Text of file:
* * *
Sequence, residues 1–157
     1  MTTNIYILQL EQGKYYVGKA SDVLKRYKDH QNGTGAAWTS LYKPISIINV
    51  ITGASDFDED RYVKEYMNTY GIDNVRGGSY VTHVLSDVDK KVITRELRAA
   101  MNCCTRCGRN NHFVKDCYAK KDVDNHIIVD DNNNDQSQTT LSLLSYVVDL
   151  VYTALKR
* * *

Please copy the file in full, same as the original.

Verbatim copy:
Sequence, residues 1–157
     1  MTTNIYILQL EQGKYYVGKA SDVLKRYKDH QNGTGAAWTS LYKPISIINV
    51  ITGASDFDED RYVKEYMNTY GIDNVRGGSY VTHVLSDVDK KVITRELRAA
   101  MNCCTRCGRN NHFVKDCYAK KDVDNHIIVD DNNNDQSQTT LSLLSYVVDL
   151  VYTALKR